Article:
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Seminar Discussion 05: Mind Map

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For the creative practice project, an audio-visual installation will construct a representational experience. The idea is that it will be set in a small, dark room, with infra red sensors that will trigger sounds and images that audience participant will experience whilst walking around. Building on the semester one idea, one possibility is that a mask containing a tilt sensor will be worn by said audience member in order to represent Sartre’s concept of “being-for-others”. Some possible ideas are that in the centre of the room a light filled box will contain laser cut words that project onto the wall; this is where the philosopher Derrida can be referenced.The idea of the project is that language can be researched in context of the constricts of “ideology” and marginalisation. The installation will function – representationally – as an immersive, sensory, dystopian reconstruction of internalised experience caused by the constructs of discourse. It will also reference the permanence of experience.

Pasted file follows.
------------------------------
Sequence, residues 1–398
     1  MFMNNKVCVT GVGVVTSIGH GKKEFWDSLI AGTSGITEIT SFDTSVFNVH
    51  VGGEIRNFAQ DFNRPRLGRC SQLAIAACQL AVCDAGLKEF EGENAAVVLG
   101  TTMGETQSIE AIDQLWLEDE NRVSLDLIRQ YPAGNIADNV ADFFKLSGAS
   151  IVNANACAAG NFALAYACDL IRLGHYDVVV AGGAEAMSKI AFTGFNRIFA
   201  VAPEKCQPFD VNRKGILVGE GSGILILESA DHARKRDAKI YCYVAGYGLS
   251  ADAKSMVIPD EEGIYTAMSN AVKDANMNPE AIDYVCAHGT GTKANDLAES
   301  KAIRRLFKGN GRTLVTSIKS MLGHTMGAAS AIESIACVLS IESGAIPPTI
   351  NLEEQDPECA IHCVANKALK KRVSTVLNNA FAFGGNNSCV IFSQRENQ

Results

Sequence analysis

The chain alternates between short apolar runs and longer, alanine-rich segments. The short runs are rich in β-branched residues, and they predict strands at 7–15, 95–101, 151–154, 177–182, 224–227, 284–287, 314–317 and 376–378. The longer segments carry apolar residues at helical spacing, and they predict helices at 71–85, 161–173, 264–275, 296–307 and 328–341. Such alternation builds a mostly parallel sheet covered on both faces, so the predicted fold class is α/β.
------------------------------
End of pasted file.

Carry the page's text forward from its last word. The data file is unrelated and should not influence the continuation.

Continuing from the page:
Seminar Discussion 04: Dourish (2001)

• HCI draws upon human skills and abilities, exploiting familiarity. Because embodiment is present at all times, it is not only necessary but both fundamental to and constitutive of interactive design, transferring social/perceptive phenomena to tangible computing. Embodied phenomena are encountered directly: occurring in real time and space, embodiment is that which happens when a subject’s focussing on another person or object causes them to become unaware of the connecting process (ie. a person writes with a pen; a person shakes hands with another person but is not consciously aware of this embodied object). At this point the person a) momentarily loses focus of his or her own body and b) participates in the embodiment of the connecting object in order to focus on the outcome.